American mud and musk turtles
Kinosternidae is a New World family of small to medium-sized semi-aquatic mud or musk turtles ranging from Canada to South America. These turtles apparently evolved in the Americas, as their fossils have been found only there. Their center of diversification is Mexico, but the oldest known fossil kinosternid is Xenochelys formosa from Chadronian Oligocene deposits in South Dakota. This species is closely related to the Recent genus Staurotypus, but also shares some characters with the Dermatemydidae. Of the modern genera, the oldest fossils are Kinosternon flavescens and K. subrubrum from the Pliocene (Hemphilliand) and Sternotherus odoratus from the Pliocene (Blancan) deposits (Ernst et al., 1994). Today 4 genera and 23 species are recognized.
The elongated skull of this group has the temporal region only moderately emarginated. Frontal bones are reduced and do not enter the orbits. There is maxilla-quadratojugal contact, and the triturating surface lacks a ridge. The squamosal is separated from the postorbital, and the quadrate bone does not enclose the stapes. A secondary palate is present. The carapace may be flattened or slightly domed with one to three longitudinal keels. The nuchal bone has riblike lateral processes which extend below the marginals. There are 10 pairs of peripheral bones and 23 marginal scutes (including the cervical). Neural bones range from five to seven. The 10th dorsal vertebra lacks ribs, and there is only one biconvex cervical vertebra; caudal vertebrae are procoelous. The plastron is variable in shape: small and cross shaped in some, large and well-developed in others. One or two hinges may be present on the plastron, and the number of plastral scutes varies from 7 or 8 to 10 or 11. An entoplastron is not present in all species. Limbs are developed for bottom crawling, but always have some toe webbing; the phalanges have condyles. Musk glands, associated with the bridge, exude malodorous secretions when the turtle is disturbed. The family is divided into two subfamilies; Staurotypinae and Kinosterninae.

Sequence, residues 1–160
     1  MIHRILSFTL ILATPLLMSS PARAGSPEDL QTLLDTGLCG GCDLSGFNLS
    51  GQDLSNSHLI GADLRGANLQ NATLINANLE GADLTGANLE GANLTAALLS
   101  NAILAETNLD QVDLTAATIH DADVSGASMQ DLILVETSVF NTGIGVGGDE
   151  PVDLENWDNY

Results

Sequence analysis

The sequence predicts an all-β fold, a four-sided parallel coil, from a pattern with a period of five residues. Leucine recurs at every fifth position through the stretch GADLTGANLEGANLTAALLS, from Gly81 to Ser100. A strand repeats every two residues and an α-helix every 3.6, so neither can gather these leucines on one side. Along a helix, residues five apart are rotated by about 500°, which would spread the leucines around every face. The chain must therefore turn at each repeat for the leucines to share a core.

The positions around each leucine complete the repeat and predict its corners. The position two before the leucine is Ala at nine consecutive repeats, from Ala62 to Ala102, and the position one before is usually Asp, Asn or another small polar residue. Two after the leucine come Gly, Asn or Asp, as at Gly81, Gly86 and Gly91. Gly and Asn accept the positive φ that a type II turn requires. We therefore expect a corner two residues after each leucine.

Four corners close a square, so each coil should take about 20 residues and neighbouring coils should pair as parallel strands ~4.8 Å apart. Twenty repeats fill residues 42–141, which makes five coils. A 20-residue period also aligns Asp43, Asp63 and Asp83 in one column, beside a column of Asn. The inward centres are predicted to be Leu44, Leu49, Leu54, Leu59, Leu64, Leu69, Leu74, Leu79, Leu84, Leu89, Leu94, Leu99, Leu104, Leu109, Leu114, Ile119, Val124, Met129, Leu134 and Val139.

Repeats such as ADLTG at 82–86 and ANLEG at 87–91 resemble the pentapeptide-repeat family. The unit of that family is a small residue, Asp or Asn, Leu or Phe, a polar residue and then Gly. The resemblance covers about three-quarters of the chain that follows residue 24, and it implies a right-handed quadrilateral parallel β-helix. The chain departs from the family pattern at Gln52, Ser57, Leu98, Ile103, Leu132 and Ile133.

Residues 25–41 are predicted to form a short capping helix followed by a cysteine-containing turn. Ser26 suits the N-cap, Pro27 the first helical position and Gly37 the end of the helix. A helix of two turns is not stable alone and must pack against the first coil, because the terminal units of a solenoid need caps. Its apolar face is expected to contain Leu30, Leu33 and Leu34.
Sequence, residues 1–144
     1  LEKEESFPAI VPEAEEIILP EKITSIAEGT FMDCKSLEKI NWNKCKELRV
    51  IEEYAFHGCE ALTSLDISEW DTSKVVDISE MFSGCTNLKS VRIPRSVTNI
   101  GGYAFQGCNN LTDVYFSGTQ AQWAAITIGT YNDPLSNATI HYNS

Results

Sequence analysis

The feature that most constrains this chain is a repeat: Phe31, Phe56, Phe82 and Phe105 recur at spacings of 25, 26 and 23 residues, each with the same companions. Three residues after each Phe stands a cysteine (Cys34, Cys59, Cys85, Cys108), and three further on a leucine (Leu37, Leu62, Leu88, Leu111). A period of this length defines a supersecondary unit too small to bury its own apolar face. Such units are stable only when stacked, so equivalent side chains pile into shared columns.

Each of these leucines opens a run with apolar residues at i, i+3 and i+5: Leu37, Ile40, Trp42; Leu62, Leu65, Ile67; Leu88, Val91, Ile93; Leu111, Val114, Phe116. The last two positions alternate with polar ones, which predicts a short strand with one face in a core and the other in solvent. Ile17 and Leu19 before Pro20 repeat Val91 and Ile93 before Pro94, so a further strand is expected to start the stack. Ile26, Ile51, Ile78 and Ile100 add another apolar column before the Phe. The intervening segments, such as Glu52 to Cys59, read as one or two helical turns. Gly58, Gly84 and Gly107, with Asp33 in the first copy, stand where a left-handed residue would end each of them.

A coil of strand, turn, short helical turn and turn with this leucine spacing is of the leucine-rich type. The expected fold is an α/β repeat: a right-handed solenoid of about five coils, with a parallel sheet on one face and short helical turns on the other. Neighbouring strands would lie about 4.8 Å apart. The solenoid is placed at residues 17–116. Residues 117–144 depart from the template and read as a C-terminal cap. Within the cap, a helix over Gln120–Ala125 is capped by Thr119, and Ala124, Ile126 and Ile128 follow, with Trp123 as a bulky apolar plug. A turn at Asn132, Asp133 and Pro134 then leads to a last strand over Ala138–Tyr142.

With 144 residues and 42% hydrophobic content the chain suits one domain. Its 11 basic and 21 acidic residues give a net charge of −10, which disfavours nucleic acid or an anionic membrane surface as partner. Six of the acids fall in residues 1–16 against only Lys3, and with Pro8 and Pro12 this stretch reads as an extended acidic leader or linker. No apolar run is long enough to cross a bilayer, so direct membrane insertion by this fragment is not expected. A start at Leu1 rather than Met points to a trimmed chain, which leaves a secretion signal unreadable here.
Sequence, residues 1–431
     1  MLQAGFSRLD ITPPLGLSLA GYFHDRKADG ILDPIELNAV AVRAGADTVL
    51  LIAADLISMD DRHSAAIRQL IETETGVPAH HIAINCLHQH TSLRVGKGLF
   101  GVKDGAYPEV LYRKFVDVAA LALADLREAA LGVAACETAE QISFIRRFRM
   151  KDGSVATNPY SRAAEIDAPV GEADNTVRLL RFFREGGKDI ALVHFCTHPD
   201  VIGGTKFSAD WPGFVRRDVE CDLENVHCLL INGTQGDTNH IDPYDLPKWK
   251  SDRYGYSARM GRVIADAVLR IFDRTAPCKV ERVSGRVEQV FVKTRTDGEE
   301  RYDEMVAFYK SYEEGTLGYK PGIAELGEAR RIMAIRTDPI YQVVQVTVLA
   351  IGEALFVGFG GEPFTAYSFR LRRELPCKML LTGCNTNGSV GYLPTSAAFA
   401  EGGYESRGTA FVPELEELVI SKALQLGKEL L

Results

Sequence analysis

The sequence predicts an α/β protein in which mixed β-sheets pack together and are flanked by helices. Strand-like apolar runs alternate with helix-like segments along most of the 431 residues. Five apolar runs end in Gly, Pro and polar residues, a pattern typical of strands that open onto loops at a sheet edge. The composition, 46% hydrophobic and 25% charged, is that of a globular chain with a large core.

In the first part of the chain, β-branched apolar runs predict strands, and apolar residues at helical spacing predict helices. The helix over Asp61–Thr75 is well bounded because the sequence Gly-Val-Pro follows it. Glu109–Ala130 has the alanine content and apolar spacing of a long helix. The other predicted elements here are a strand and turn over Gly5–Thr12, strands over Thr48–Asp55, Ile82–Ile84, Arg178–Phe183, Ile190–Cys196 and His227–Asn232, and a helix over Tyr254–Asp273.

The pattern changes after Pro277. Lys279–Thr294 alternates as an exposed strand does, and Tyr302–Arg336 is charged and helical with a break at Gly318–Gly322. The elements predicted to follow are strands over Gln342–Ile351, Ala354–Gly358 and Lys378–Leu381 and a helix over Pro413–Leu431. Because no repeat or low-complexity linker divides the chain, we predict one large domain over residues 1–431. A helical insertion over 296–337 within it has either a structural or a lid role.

Hutchison and Bramble (1981) analyzed the scutes of fossil and living specimens of the Kinosternidae and related Dermatemydidae, and compared these scutes to those of testudinoid turtles. They found that the gular scute of kinosternids is really a new scale of different origin, which they term an intergular. They also found that the humeral scute of extant kinosternids is divided into two scutes by the development of the anterior plastral hinge between the epiplastron and hyoplastron; thus, kinosternids are unique in not having true pectoral or abdominal scutes.